With a mishmash of politics becoming the curtain call for political homogeny with often mixed results, it’s anyone’s guess as to what is to become mainstream politics in the country. One cannot hark a certain ideal while mixing in with another. Similarly, they cannot claim to be any different from a minority appeasing party while appeasing minorities themselves.

If you want to see a good left front party and government, look at Kerala, for West Bengal’s left has certainly lost its way.

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An ambassador and trained facilitator under Eco Femme (a social enterprise working towards menstrual health in south India), Sanjina is also an active member of the MHM Collective- India and Menstrual Health Alliance- India. She has conducted Menstrual Health sessions in multiple government schools adopted by Rotary District 3240 as part of their WinS project in rural Bengal. She has also delivered training of trainers on SRHR, gender, sexuality and Menstruation for Tomorrow’s Foundation, Vikramshila Education Resource Society, Nirdhan trust and Micro Finance, Tollygunj Women In Need, Paint It Red in Kolkata.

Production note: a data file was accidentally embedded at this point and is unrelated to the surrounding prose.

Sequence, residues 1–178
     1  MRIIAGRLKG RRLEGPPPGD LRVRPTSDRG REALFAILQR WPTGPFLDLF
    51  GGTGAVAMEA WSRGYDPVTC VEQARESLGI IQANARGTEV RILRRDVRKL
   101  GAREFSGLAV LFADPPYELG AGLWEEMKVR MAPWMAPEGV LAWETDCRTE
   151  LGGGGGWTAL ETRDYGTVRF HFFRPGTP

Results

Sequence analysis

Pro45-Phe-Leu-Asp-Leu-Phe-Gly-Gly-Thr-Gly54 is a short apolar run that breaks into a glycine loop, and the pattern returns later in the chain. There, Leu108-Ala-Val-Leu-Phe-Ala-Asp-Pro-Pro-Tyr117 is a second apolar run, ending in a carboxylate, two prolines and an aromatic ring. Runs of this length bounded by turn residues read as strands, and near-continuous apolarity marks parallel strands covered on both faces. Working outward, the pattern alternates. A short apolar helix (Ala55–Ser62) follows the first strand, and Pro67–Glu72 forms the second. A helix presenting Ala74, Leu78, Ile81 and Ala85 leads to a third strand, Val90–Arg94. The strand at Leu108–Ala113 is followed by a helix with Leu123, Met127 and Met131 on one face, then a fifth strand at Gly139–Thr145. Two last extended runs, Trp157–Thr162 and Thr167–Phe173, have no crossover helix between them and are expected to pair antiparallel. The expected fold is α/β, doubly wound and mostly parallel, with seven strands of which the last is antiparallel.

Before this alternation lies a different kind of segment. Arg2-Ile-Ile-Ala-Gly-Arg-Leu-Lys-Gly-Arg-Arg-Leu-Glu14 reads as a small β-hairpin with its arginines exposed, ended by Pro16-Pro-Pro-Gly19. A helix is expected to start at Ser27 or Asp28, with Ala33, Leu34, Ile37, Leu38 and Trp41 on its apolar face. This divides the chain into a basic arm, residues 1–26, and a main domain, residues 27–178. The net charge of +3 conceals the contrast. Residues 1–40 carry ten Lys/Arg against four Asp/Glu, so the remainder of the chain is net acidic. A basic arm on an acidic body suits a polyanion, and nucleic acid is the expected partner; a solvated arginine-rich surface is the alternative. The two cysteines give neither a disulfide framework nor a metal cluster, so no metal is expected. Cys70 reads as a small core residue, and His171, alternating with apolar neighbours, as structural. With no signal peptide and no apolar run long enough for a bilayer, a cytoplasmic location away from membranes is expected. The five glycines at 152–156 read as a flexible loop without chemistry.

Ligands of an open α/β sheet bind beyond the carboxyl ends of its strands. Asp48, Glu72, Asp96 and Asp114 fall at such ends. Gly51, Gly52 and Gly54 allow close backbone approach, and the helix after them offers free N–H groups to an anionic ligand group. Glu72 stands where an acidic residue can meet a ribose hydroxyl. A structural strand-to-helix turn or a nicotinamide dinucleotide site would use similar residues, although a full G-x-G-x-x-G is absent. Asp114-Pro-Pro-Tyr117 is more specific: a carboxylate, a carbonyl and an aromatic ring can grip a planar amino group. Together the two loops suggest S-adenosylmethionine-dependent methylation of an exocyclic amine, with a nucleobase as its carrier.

Now as an MH Fellow with YKA, she’s expanding her impressive scope of work further by launching a campaign to facilitate the process of ensuring better menstrual health and SRH services for women residing in correctional homes in West Bengal. The campaign will entail an independent study to take stalk of the present conditions of MHM in correctional homes across the state and use its findings to build public support and political will to take the necessary action.

Saurabh has been associated with YKA as a user and has consistently been writing on the issue MHM and its intersectionality with other issues in the society. Now as an MHM Fellow with YKA, he’s launched the Right to Period campaign, which aims to ensure proper execution of MHM guidelines in Delhi’s schools.

The long-term aim of the campaign is to develop an open culture where menstruation is not treated as a taboo. The campaign also seeks to hold the schools accountable for their responsibilities as an important component in the implementation of MHM policies by making adequate sanitation infrastructure and knowledge of MHM available in school premises.

Read more about his campaign.

Harshita is a psychologist and works to support people with mental health issues, particularly adolescents who are survivors of violence. Associated with the Azadi Foundation in UP, Harshita became an MHM Fellow with YKA, with the aim of promoting better menstrual health.